Psychotic-Like-Experiences (PLEs) in perinatal women: The role of psychological distress and cognitive biases

Katy Bovis

Research output: ThesisDoctoral Thesis

305 Downloads (Pure)


Background: Accurate and timely identification of emerging psychopathology in the perinatal period has become a U.K. healthcare priority. Psychotic-like experiences (PLEs) are subclinical psychotic experiences such as delusional beliefs and hallucinations. Recently greater levels of PLEs have been associated with greater levels of non-psychotic affective psychopathology, suggesting PLEs could be useful clinical makers of psychopathology severity. PLEs have been found to be prevalent in the perinatal period, where greater affective psychopathology predicted greater levels of PLEs. Specific cognitive biases have been associated with PLEs in the general population and could be underpin the relationship between PLEs and affective psychopathology.
Objective: The current study aims to explore whether PLEs in the perinatal population are associated with distress and psychosis-related cognitive biases and whether these biases predicted levels of PLEs and distress.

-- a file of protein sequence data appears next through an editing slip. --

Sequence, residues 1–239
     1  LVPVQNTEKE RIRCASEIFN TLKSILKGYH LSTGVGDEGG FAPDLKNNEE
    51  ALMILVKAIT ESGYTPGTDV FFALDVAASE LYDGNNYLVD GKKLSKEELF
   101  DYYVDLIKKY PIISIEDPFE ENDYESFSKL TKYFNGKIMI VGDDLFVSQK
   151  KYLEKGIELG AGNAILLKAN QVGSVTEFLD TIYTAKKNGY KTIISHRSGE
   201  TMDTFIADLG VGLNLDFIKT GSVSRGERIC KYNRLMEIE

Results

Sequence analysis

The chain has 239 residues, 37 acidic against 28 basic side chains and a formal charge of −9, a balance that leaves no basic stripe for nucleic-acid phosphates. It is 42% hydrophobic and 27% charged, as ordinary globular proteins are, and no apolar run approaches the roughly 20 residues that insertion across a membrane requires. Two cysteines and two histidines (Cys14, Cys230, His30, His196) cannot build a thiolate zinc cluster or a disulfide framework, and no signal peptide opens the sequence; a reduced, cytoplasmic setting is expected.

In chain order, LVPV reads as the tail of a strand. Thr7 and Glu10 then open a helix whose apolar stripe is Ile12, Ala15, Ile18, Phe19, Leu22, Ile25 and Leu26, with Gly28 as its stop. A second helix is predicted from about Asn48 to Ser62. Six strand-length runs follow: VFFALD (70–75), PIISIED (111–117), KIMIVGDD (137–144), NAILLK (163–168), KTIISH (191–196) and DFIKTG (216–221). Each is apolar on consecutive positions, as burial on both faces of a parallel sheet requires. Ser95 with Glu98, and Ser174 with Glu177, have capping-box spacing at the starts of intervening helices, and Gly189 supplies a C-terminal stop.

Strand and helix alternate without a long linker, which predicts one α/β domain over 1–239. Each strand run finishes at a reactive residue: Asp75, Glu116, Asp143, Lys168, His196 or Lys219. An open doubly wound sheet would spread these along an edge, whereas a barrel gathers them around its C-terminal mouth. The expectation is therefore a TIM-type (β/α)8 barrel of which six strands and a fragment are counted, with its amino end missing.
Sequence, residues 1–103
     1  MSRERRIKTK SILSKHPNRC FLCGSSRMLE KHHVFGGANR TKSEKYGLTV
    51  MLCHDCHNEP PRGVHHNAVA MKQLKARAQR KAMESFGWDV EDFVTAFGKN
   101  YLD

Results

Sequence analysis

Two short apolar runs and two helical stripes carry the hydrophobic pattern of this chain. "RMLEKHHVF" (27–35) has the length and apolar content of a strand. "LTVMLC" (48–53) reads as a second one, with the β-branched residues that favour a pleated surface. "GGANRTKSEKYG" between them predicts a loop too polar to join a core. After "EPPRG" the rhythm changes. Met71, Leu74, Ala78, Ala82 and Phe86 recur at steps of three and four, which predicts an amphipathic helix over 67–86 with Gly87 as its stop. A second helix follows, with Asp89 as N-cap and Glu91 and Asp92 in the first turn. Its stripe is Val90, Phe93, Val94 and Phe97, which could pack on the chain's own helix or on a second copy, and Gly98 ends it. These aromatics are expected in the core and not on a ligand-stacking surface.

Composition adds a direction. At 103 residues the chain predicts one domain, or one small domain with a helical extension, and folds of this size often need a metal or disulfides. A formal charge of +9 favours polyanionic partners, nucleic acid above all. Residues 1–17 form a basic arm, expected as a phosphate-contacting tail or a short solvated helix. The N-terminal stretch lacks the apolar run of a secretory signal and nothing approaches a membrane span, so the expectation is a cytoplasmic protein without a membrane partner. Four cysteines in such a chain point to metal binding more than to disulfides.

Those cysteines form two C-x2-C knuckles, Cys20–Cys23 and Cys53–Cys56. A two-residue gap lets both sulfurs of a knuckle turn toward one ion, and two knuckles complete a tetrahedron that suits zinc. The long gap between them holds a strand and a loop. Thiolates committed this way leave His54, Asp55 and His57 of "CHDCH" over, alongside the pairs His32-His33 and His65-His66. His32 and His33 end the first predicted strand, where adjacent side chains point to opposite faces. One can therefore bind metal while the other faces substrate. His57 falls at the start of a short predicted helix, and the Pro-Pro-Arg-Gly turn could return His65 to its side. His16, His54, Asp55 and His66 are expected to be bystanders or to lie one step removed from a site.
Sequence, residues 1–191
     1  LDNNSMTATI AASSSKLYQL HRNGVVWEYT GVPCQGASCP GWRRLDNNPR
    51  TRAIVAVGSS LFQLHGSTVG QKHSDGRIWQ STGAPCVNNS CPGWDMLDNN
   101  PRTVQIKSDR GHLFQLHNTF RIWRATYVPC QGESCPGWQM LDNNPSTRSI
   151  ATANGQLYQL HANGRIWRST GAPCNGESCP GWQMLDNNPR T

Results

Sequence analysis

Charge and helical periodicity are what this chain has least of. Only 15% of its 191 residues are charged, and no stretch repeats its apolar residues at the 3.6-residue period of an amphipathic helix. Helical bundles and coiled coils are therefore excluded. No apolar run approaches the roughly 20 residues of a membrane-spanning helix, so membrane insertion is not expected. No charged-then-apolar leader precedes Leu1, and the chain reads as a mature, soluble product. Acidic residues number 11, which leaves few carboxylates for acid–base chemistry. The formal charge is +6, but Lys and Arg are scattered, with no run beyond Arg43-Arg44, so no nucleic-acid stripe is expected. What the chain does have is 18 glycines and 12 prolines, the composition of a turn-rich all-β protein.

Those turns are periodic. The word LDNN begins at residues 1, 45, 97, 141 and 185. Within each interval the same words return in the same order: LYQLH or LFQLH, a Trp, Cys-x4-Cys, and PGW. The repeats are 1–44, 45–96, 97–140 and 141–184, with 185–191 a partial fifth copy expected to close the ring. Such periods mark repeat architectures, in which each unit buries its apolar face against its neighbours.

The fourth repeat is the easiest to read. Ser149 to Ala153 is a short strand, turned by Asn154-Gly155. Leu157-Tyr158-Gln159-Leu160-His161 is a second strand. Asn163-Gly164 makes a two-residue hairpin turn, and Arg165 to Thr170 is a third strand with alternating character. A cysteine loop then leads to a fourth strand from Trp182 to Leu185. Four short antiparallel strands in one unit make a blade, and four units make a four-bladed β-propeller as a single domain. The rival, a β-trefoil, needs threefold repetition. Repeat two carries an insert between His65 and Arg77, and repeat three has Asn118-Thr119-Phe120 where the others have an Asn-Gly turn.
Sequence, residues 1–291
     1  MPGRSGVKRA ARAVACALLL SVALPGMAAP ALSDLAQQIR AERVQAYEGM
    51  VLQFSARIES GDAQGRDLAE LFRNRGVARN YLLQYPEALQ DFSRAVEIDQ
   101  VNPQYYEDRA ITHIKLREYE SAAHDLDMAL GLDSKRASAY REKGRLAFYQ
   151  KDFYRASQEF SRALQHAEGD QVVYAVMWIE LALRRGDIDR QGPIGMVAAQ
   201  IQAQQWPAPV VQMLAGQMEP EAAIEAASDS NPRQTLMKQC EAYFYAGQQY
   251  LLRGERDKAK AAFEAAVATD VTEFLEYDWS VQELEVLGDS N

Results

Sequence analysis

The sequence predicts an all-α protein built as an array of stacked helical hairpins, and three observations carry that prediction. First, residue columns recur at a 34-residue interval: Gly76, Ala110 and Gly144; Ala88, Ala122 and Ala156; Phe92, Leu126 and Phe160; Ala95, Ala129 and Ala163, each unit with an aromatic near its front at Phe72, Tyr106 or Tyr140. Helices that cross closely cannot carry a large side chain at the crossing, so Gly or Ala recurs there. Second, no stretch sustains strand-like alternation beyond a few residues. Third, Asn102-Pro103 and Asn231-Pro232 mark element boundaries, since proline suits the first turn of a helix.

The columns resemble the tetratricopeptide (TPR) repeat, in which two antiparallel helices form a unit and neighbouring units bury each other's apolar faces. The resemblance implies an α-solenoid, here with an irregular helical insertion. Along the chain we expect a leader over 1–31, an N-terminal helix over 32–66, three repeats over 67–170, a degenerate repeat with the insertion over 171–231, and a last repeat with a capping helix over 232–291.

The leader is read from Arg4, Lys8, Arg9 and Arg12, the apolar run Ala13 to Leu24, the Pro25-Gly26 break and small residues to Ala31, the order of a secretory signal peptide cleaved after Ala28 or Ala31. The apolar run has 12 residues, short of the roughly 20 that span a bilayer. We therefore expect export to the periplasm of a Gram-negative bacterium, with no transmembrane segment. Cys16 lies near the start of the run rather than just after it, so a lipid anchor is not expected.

Methods: In a cross-sectional design, 144 female participants were recruited via social media and General Practice (GP) surgeries in the U.K. and completed an online survey which included measures of PLEs (delusional and hallucinatory experiences), distress and psychosis-related cognitive biases, including Threatening Events (TE), Anomalous Perceptions (AP) and inflated responsibility (RAS).
Results: Endorsement rates of PLEs were lower compared to previous perinatal samples and community norms. No differences were found between levels of delusions pre to postnatally, but hallucinations were found to decrease pre to postnatally, partly supporting previous findings. Jumping-to-conclusions and Intentionalising were the most commonly reported cognitive bias. Distress was significantly correlated with PLEs and cognitive biases of AP, RAS and dichotomous thinking (DT). RAS was a unique predictor of PLEs. No specific cognitive bias was a unique significant predictor of distress. Secondary moderation analysis revealed that pre or postnatal groups or primiparity did not significantly contribute to an increase in the variance explained.
Conclusion: PLEs could be useful tools in identifying women at-risk of greater affective psychopathology in the perinatal period. RAS was particularly associated with PLEs and merits further exploration. Future longitudinal research is needed to establish if causal links exist between PLEs and distress.
Original languageEnglish
Awarding Institution
  • Royal Holloway, University of London
  • Luzon, Olga, Supervisor
Publication statusUnpublished - 12 Sept 2019


  • Perinatal mental health
  • Psychotic like experiences

Cite this